But in the case of 100 percent bonus depreciation there is a downside to taking several flights. To use the aircraft in the business, you need only one business flight, but to qualify for 100 percent bonus depreciation, all the flights must satisfy the usage requirements in the year you place the aircraft in service, so if the IRS succeeds in challenging one of the flights as not meeting those requirements, you will still be able to take depreciation, but not at the 100 percent level. Accordingly, one incontrovertible business flight might be the best option. 

As with the frozen barge, if you can’t fly the aircraft before year-end because of events beyond your control, bonus depreciation might still be available. If weather shuts down the airport at the end of the year after you take delivery of the aircraft, you may be fine. If you can’t fly because you neglect to replace a flat tire, you may not. Note that if the IRS denies you placed the aircraft in service by year end, you still have the option to place it in service the following year.

Keeping Your 100 Percent Deduction

Unfortunately, securing the 100 percent deduction isn’t the end of the story. Those same business-use requirements continue to apply in subsequent years, except going forward you need only 50 percent qualified business use instead of 100 percent—obviously an easier standard to satisfy.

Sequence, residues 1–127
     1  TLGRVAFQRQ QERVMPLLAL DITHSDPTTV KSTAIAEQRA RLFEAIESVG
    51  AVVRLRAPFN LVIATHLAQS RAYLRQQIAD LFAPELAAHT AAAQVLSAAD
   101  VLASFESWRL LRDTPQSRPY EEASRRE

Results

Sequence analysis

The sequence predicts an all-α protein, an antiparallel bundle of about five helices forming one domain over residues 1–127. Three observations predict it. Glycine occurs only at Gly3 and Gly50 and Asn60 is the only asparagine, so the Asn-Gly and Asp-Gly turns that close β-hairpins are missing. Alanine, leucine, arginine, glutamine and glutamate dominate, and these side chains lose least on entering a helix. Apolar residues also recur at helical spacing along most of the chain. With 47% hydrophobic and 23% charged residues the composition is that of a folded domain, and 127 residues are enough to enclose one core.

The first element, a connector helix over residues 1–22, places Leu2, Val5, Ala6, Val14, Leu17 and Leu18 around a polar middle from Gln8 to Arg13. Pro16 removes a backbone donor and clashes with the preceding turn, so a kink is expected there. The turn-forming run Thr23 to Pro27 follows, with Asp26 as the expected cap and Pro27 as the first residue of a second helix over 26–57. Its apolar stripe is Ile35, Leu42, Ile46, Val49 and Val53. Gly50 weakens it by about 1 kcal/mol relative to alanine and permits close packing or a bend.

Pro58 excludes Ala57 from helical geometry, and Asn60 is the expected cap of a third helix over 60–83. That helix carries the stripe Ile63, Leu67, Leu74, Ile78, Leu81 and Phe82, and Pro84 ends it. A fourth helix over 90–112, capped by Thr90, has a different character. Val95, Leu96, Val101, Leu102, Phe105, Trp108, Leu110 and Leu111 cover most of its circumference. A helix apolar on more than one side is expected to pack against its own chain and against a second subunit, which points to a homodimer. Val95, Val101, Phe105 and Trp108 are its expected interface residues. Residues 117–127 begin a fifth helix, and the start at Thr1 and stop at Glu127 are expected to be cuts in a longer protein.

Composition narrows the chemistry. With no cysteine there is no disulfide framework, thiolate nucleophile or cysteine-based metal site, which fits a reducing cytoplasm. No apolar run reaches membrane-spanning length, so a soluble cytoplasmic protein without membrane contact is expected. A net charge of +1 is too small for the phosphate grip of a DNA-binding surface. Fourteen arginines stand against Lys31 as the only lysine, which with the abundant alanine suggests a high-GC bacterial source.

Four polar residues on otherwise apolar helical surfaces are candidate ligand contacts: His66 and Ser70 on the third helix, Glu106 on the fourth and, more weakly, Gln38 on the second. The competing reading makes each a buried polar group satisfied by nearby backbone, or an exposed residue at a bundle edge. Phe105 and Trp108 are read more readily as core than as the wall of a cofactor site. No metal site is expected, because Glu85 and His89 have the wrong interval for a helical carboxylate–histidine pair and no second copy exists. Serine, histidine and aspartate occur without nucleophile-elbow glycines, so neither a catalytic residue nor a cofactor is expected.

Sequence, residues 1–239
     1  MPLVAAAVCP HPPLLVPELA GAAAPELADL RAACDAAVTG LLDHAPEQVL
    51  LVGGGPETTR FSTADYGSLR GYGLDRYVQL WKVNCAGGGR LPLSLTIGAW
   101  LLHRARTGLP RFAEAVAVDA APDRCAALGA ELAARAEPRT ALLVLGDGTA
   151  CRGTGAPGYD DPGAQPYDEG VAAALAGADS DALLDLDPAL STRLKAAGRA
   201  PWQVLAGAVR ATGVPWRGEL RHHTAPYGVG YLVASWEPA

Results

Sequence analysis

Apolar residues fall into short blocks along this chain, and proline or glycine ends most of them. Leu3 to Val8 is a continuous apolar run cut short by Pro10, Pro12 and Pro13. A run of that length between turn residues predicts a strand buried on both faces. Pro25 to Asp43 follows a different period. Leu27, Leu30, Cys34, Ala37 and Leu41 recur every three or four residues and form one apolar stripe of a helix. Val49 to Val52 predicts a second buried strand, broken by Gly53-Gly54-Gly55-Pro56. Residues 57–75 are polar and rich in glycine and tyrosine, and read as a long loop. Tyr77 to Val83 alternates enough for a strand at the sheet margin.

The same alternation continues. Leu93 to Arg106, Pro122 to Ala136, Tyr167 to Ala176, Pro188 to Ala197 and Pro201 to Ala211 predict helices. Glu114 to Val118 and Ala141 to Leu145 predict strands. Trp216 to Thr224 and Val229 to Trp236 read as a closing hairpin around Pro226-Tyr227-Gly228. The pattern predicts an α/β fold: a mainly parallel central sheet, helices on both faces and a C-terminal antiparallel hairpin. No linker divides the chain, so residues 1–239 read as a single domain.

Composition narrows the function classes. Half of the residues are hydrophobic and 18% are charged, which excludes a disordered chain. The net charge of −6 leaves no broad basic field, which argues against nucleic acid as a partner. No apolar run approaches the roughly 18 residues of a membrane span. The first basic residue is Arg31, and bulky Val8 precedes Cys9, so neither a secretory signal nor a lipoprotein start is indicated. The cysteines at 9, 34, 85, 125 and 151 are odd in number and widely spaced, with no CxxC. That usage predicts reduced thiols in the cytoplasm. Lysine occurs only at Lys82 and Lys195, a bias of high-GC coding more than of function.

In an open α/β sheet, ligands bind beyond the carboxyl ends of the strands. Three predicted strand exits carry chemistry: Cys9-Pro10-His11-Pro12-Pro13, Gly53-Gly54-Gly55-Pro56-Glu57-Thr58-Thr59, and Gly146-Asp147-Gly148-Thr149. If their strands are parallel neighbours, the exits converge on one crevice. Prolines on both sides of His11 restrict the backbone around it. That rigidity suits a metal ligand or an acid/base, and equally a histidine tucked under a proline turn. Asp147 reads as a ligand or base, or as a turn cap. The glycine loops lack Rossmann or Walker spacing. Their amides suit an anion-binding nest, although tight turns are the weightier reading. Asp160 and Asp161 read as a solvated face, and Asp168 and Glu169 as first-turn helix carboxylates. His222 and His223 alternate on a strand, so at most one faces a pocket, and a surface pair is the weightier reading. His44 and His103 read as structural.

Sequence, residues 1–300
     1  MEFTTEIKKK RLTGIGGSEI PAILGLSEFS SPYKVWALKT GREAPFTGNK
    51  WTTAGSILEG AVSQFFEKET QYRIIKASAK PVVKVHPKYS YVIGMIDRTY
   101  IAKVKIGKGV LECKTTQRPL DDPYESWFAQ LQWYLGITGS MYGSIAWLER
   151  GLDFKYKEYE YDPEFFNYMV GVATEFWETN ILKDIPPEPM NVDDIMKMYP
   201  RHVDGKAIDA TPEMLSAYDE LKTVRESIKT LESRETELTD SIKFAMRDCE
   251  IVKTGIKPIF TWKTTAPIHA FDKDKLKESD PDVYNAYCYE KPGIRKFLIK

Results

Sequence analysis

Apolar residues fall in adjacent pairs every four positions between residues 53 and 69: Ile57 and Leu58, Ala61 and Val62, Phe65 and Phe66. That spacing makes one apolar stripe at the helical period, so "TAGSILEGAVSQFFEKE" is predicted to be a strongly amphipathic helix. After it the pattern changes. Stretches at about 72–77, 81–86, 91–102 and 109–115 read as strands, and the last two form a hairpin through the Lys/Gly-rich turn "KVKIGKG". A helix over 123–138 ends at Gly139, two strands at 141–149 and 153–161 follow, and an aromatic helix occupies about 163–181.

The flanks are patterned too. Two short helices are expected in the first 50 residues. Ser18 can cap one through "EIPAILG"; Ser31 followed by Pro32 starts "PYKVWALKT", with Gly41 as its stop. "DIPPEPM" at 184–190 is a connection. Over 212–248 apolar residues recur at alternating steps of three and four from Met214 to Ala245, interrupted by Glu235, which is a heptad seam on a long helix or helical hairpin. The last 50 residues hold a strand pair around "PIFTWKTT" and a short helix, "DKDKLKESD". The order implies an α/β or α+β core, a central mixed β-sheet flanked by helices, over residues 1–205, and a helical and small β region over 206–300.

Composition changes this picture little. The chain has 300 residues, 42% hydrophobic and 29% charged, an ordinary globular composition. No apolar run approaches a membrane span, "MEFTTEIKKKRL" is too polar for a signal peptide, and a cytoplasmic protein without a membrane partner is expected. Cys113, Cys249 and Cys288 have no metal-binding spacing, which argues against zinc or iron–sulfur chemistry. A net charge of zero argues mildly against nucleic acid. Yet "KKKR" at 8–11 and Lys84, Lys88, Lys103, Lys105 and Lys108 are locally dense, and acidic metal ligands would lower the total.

Qualified business use, as defined by the Tax Code, does not include leasing an aircraft to a 5 percent owner or related person, or personal use by such persons even if treated as compensation. However, if at least 25 percent of the use in a given year is qualified business use, these exceptions do not apply, and (for example) flights by a 5 percent owner treated as compensation can count for satisfying the 50 percent use test.

There are other requirements that you must satisfy to qualify for or keep bonus depreciation and accelerated depreciation in general. For example, if you predominately use your jet outside the U.S. in a given year, it won’t qualify. Taxpayers who write off 100 percent of the aircraft this year and then flunk the requirements in a subsequent year are stuck using the “alternative depreciation system” (ADS), which allows you to write off the aircraft on a straight-line basis, and you will have to go back to prior years and recapture and pay tax on income to the extent you deducted more than allowed by ADS. 

In short, the rules going forward are as important as the ones that apply in the year you place the aircraft in service, and you’ll need expert advice if you plan to take advantage of and keep 100 percent bonus depreciation of a business jet.